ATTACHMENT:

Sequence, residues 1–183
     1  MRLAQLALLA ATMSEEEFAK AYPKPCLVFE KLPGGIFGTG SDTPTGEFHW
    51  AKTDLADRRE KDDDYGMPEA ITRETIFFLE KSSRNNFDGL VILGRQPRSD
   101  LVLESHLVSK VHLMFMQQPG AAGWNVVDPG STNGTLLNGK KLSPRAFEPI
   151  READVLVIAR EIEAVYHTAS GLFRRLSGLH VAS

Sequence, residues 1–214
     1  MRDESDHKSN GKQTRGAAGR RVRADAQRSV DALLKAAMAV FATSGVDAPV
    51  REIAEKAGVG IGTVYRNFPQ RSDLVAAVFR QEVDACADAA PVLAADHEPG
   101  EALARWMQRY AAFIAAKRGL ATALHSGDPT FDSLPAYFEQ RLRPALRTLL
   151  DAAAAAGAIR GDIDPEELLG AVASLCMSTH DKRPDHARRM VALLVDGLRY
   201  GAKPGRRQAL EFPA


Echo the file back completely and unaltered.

Sequence, residues 1–183
     1  MRLAQLALLA ATMSEEEFAK AYPKPCLVFE KLPGGIFGTG SDTPTGEFHW
    51  AKTDLADRRE KDDDYGMPEA ITRETIFFLE KSSRNNFDGL VILGRQPRSD
   101  LVLESHLVSK VHLMFMQQPG AAGWNVVDPG STNGTLLNGK KLSPRAFEPI
   151  READVLVIAR EIEAVYHTAS GLFRRLSGLH VAS

Sequence, residues 1–214
     1  MRDESDHKSN GKQTRGAAGR RVRADAQRSV DALLKAAMAV FATSGVDAPV
    51  REIAEKAGVG IGTVYRNFPQ RSDLVAAVFR QEVDACADAA PVLAADHEPG
   101  EALARWMQRY AAFIAAKRGL ATALHSGDPT FDSLPAYFEQ RLRPALRTLL
   151  DAAAAAGAIR GDIDPEELLG AVASLCMSTH DKRPDHARRM VALLVDGLRY
   201  GAKPGRRQAL EFPA